(Or how not to make a mountain out of a knitted molehill).
Have that wine before you steek, and you'll see just how swimmingly it will go. (Actually, we have a saying in our knitting group: friends don't let friends knit drunk. When someone brings that up, we all laugh, raise our glasses in a toast and put down our knitting. Don't tell our husbands, but I think they're on to us already...)
That aside, here's what I learned from my first steeked Lopi project:
You don't need more than 3 steek stitches to work with. I had 4 and all that amounted to was a waste of wool. Next time, I'm using only 3. Purl these 3 steek stitches, which leads me to my next tip:
When you come to your first steek stitch, purl it into the back of the loop. This will twist the stitch and tighten up the previous knit stitch, namely your last knit stitch before the steek. It's not imperative, but it does create a nicer, tighter finish. You'll notice in the photo below, the last knitted stitch before the steek is a bit loose. (In the photo below, I have pulled all my ends to the front of the steek so they wouldn't get caught in the sewing machine foot inadvertently). Next time, I'm purling that first steeked stitch through the back of the loop. No more loosey-goosey edge stitches. I wish I knew that before, but there you have it. Live and learn.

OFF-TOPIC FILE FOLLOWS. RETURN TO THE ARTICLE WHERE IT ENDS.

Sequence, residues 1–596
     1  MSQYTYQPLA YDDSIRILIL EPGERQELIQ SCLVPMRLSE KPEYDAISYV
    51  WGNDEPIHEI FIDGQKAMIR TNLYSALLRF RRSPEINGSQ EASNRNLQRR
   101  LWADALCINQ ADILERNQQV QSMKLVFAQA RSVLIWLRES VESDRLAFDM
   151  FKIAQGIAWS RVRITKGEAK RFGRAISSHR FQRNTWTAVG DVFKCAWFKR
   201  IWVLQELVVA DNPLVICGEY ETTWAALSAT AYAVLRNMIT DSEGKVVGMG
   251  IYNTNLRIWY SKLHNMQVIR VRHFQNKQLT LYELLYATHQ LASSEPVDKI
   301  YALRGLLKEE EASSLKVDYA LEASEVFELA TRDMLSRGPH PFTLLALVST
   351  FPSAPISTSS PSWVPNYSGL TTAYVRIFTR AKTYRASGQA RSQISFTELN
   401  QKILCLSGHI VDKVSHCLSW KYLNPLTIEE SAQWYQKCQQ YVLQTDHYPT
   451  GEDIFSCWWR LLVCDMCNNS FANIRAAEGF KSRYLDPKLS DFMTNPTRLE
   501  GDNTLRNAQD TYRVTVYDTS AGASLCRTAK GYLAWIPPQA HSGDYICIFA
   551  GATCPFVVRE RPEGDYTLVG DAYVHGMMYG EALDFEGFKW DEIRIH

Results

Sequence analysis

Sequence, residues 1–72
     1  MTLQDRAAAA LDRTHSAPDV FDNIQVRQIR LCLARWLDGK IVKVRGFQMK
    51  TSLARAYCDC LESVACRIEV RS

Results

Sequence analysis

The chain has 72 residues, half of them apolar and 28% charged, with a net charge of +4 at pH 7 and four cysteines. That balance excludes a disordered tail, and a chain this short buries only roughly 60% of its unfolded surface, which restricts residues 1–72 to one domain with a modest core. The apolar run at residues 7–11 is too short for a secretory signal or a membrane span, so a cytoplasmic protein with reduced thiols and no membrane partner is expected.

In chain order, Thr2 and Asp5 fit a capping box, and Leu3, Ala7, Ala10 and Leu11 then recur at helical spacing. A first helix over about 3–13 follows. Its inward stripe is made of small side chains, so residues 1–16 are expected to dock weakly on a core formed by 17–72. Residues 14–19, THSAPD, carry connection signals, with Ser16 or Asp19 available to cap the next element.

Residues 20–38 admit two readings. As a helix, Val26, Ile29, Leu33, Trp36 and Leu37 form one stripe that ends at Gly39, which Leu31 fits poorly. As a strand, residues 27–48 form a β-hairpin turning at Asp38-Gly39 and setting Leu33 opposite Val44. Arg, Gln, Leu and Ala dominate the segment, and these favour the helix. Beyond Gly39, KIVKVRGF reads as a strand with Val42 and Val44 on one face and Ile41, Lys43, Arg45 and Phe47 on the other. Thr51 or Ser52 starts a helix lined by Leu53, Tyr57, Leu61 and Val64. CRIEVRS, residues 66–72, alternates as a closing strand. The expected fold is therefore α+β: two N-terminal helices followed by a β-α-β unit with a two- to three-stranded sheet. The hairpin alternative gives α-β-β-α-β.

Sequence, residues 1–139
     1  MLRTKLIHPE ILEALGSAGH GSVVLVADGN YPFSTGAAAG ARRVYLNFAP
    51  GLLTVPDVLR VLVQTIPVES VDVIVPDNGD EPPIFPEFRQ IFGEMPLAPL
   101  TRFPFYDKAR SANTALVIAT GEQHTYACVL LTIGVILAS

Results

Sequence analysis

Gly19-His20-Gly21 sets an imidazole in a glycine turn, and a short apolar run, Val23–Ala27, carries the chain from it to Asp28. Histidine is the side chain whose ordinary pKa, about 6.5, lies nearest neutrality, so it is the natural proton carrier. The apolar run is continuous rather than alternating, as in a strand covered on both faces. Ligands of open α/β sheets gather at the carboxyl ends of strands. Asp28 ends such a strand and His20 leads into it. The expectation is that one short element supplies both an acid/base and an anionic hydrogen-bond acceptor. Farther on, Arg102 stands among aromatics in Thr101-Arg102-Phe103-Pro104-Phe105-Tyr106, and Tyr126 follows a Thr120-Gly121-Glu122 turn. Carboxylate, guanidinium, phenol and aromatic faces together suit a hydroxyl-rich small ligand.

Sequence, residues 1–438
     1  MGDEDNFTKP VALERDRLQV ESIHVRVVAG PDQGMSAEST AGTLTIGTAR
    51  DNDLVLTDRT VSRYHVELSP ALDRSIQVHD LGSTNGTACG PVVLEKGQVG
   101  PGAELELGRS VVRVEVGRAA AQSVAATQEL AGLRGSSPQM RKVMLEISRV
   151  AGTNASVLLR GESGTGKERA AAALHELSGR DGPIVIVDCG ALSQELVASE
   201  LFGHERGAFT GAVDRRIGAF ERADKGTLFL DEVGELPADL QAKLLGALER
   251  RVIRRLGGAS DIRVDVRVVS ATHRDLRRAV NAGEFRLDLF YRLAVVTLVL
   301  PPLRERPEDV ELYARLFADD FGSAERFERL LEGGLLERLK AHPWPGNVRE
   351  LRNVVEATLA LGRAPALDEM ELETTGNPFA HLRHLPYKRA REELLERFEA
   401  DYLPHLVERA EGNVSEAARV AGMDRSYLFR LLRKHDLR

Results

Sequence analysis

H. A. Kidd in Toronto, and if you ever come across this item, buy a few packs. They're cheap, and you can dole them out to fellow knitters when they remark what a great idea it is.
Here's a look at the back of the sweater, and the photo that made me realize I should have just knit the whole bloody thing as a pullover and saved myself some agony:
Since my Dad has an ancient Lopi cardigan, I thought I'd borrow it and have a gander at how it was finished. (There's nothing like reverse engineering...)
Behold, here are the machine stitches hidden by the crocheted-on border:
Here's a look at the crocheted border on this sweater:
Here's a look at the edge, post-sewing, pre-cutting. Instructions said to sew up each edge twice. I follow instructions, ergo, we have 2 rows of stitches on either side of the steek:
And yet another, post-cutting showing the nice, straight edge. So far, so good:
So stay tuned for the never-ending Saga of the Saga. One knitted I-cord edge, coming right up! This one will be in a different colour. Now if only I could remember where I placed that skein for safe keeping, I'd be one step ahead!
Maybe I should go interrogate the cats...